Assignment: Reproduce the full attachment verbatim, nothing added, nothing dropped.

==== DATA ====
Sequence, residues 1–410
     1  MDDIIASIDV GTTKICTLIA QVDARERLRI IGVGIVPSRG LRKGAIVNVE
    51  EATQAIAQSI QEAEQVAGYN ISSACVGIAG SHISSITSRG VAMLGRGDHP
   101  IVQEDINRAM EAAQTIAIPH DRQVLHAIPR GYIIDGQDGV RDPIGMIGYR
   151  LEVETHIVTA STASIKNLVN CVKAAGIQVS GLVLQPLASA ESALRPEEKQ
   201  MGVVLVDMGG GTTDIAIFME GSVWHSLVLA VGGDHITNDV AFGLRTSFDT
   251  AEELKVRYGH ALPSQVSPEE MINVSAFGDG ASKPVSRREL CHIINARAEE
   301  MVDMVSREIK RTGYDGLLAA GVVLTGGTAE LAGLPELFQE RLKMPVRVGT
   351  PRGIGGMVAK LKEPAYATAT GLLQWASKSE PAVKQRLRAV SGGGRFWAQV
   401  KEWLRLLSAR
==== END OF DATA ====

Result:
Sequence, residues 1–410
     1  MDDIIASIDV GTTKICTLIA QVDARERLRI IGVGIVPSRG LRKGAIVNVE
    51  EATQAIAQSI QEAEQVAGYN ISSACVGIAG SHISSITSRG VAMLGRGDHP
   101  IVQEDINRAM EAAQTIAIPH DRQVLHAIPR GYIIDGQDGV RDPIGMIGYR
   151  LEVETHIVTA STASIKNLVN CVKAAGIQVS GLVLQPLASA ESALRPEEKQ
   201  MGVVLVDMGG GTTDIAIFME GSVWHSLVLA VGGDHITNDV AFGLRTSFDT
   251  AEELKVRYGH ALPSQVSPEE MINVSAFGDG ASKPVSRREL CHIINARAEE
   301  MVDMVSREIK RTGYDGLLAA GVVLTGGTAE LAGLPELFQE RLKMPVRVGT
   351  PRGIGGMVAK LKEPAYATAT GLLQWASKSE PAVKQRLRAV SGGGRFWAQV
   401  KEWLRLLSAR